Typical of the 17th c this farmhouse was one room deep, had a ‘low’ end for service rooms and a ‘high’ end for the receptions. To circulate discretely between these servants of the original house used a pentice roof or outdoor corridor attached to the back of the building. By the late 1940’s this had been removed and circulation was necessarily through the interior of the rooms themselves.
More recently the house was reconfigured with a new front door located at the low end of the house, a neo Victorian conservatory and outshoot were planted onto the rear elevation and a doorway pushed through a historic stone mullioned window for additional access to the reception. Also, and again typical of historic houses, the kitchen was dislocated from the living spaces, faced away from the view and was relatively small for the size of the house. In short there was no decently sized rooms, the circulation was very confused and the kitchen was both isolated and missed the view.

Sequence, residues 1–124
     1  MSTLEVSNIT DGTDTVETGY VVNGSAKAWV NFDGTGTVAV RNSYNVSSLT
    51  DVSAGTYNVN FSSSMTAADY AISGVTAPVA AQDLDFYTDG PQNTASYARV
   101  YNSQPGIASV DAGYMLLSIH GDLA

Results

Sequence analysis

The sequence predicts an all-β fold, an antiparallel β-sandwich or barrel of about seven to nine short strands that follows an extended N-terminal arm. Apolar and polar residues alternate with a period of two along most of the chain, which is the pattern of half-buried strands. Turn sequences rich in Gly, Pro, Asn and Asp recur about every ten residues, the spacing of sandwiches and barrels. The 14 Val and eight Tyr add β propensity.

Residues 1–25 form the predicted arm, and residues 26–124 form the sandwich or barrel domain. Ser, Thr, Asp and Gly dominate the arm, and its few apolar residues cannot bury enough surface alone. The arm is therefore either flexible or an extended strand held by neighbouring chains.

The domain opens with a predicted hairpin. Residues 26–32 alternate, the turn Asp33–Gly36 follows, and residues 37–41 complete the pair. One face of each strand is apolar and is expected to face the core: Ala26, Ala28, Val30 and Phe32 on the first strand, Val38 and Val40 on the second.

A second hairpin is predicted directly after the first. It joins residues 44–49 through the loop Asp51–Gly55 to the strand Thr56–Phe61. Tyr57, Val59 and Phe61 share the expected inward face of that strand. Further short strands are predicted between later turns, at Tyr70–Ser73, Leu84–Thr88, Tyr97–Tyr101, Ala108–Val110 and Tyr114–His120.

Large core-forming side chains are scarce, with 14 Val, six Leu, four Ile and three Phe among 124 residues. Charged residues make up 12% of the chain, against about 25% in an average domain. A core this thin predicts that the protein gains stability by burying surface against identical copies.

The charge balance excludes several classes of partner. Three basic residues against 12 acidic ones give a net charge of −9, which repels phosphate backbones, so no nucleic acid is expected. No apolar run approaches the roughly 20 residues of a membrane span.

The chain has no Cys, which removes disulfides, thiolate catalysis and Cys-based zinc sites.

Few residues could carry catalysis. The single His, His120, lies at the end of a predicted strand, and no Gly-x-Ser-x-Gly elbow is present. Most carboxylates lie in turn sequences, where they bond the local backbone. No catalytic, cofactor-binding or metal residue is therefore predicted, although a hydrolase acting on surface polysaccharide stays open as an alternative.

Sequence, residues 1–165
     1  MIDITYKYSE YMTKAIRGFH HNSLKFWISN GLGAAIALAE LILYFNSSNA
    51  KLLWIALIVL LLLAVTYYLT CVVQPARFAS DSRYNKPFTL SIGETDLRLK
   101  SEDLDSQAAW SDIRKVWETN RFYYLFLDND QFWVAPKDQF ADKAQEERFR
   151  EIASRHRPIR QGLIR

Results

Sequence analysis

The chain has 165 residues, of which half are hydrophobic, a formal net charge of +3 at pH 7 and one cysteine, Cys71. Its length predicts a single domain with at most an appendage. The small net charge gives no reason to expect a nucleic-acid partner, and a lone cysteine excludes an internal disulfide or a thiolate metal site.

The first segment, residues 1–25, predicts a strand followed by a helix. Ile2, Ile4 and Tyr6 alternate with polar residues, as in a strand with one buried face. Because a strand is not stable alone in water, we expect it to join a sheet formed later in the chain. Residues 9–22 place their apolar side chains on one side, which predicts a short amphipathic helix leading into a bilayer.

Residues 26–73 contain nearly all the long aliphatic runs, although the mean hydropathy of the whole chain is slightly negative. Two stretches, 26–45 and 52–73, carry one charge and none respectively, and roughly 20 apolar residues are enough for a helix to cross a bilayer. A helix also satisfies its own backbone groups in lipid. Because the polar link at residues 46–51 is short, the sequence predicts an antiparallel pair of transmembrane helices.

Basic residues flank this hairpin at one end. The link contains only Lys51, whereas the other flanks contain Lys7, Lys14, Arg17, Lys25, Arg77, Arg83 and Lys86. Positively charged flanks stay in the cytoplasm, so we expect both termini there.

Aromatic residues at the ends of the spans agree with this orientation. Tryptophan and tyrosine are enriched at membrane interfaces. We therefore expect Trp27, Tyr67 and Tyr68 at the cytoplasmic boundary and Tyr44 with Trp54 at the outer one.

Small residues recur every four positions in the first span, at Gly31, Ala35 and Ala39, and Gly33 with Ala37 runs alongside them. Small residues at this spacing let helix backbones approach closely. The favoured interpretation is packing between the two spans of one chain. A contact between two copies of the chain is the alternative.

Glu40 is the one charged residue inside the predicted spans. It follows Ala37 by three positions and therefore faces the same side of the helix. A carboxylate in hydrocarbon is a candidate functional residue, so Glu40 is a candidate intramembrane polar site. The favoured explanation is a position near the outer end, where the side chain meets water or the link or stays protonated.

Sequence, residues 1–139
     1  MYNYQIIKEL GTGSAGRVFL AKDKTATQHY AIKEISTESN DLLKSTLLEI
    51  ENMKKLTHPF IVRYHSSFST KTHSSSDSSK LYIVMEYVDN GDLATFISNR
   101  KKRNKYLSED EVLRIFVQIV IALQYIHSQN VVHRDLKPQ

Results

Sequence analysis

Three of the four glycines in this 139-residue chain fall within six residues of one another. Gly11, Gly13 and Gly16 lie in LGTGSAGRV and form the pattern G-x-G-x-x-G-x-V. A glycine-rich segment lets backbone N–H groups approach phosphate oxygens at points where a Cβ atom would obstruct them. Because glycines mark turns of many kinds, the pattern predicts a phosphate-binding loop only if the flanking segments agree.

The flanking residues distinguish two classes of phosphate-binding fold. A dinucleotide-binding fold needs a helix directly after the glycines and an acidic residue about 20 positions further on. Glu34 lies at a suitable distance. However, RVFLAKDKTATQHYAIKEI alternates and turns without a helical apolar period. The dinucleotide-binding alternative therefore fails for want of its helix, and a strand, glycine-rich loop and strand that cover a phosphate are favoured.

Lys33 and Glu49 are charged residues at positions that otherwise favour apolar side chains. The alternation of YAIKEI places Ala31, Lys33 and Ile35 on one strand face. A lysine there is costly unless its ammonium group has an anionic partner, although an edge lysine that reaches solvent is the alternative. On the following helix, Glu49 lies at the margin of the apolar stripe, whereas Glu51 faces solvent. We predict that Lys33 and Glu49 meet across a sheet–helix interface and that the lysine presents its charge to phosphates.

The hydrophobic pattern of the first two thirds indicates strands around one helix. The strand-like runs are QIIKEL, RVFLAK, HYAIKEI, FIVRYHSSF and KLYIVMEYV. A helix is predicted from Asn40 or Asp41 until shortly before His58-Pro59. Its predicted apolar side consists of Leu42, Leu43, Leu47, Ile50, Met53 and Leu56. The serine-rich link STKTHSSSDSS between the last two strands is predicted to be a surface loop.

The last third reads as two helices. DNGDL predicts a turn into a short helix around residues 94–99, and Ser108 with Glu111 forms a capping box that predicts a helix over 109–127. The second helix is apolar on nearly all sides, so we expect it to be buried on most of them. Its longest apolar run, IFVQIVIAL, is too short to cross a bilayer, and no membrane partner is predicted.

To address these issues it was decided to remove the recent rear extensions and replace them with a contemporary kitchen that ‘floated’ off the historic farmhouse. This allowed the restoration of the 17th c reception and its stone mullioned window, the reinstatement of front door and its sequence of a formal entry and the ‘idea’ of the pentice roofed corridor that once again connected the line of rooms discretely. It also brought the kitchen to the view and created the central and connected living space that the house had been so critically lacking.